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17 Tables 1.1, 1.3, 1.4, 2.1, 2.2 and 4.1 present statistics at the ICD chapter level with further disaggregation for major causes of death. Background on this summary classification is given in Volume 1 of the ICD.
18 Tables 1.2 and 1.4 present data for main causes of death for age groups. For each age group, a summary classification of the selected causes of death relevant to the age group has been used. These consist of causes of death significant in that age group, at the chapter level, with further disaggregation below the chapter level where appropriate.
19 To enable the reader to see the relationship between the various summary classifications used in this publication, all tables show in brackets the ICD codes which constitute the causes of death covered.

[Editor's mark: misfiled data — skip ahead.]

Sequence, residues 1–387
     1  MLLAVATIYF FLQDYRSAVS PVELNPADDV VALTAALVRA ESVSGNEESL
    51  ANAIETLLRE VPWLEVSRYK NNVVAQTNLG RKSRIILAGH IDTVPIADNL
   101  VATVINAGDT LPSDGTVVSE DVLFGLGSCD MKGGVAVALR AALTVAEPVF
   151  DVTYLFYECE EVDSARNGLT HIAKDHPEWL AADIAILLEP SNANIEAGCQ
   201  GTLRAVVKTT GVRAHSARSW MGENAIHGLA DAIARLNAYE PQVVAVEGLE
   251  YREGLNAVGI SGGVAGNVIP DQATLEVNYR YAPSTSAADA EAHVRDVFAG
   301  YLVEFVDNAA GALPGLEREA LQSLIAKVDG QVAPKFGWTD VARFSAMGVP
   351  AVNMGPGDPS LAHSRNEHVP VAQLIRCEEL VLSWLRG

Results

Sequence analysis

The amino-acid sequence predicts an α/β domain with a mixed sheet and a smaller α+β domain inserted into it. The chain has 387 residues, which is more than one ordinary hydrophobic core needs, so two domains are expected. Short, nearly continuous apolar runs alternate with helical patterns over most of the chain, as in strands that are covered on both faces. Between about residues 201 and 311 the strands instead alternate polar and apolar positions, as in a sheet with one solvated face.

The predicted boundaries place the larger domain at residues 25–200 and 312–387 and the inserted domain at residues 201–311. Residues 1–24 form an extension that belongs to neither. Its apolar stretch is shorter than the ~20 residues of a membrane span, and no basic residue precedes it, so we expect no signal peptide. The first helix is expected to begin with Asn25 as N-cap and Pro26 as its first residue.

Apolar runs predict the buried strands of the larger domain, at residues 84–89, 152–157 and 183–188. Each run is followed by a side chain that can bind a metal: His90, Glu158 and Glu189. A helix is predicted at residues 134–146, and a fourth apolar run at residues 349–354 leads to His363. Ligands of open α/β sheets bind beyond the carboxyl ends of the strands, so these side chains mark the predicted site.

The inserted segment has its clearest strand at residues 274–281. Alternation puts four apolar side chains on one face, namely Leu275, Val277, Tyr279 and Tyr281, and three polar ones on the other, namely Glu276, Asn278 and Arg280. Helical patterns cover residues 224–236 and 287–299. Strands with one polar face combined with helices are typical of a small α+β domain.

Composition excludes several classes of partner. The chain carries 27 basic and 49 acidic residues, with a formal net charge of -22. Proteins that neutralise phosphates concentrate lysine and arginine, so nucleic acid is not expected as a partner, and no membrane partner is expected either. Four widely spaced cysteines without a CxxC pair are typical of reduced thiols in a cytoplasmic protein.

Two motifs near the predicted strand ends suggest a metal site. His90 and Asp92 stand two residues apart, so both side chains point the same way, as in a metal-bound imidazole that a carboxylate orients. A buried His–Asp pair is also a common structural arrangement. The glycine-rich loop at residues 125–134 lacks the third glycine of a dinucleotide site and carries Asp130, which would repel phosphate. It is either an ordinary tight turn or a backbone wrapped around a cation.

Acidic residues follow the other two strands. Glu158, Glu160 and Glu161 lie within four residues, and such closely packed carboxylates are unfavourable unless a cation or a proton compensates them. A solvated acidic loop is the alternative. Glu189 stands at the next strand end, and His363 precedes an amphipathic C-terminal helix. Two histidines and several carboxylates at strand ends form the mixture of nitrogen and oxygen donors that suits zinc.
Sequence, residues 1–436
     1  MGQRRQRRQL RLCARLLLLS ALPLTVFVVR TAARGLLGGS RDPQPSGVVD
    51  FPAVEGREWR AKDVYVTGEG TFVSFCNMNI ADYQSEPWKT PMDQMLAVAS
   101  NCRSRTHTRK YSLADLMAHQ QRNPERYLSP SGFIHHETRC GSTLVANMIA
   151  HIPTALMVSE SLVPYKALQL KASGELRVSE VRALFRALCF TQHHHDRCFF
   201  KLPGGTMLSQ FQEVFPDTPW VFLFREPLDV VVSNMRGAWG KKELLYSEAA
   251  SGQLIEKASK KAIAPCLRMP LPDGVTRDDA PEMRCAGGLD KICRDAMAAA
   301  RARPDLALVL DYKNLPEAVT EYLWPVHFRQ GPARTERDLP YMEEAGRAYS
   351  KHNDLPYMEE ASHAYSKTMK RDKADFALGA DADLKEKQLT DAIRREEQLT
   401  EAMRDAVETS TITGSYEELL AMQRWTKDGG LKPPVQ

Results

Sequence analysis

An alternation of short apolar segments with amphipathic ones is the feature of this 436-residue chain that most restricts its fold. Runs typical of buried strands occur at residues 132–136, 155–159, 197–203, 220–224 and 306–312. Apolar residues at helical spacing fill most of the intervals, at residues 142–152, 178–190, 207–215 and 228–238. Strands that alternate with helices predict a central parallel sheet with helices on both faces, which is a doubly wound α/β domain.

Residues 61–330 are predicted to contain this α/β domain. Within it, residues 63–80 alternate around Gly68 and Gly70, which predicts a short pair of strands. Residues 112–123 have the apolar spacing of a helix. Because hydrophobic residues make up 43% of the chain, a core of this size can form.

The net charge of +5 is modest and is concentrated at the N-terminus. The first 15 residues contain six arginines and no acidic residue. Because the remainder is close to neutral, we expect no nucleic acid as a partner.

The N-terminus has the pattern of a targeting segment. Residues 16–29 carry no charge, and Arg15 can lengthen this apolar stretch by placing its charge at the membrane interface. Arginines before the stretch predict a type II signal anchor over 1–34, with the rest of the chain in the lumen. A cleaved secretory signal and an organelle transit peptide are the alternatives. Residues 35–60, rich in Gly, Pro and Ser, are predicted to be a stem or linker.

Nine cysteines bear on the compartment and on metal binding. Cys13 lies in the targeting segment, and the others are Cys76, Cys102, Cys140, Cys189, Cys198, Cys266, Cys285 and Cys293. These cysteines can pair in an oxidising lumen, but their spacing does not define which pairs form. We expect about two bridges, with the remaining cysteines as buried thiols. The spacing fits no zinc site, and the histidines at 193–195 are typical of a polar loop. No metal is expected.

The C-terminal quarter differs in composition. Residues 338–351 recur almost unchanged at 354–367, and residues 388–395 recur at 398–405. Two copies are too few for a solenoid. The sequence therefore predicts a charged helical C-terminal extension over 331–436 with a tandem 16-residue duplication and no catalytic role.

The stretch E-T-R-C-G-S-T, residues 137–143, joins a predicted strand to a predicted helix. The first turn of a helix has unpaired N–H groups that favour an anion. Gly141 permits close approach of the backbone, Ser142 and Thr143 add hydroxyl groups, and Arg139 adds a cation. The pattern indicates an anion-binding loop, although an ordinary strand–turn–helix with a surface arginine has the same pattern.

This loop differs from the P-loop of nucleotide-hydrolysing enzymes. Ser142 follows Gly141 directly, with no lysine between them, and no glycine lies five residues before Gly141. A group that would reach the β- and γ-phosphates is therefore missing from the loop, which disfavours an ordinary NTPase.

20 As ICD-9 did not directly accommodate the coding of Acquired Immune Deficiency Syndrome (AIDS) and AIDS-related deaths, cases where AIDS was the underlying cause were coded to ICD-9 deficiency of cell-mediated immunity (279.1), from 1988 to 1995. In 1996, ABS adopted ICD-9 Clinically Modified (CM) for coding of AIDS and AIDS-related deaths. Hence, for 1996 to 1998, all AIDS-related deaths (i.e. deaths where AIDS was mentioned in any place on the death certificate) were coded to HIV infection (042-044). ICD-10 adopted from 1999 allows for the coding of AIDS and AIDS-related deaths (B20-B24).
21 All data in this publication refer to AIDS-related deaths rather than only those deaths where AIDS is the underlying cause. Hence in table 1.1 and 1.3, AIDS-related deaths differ from the data provided for all other causes in that table since for all other causes, only data for underlying cause are given.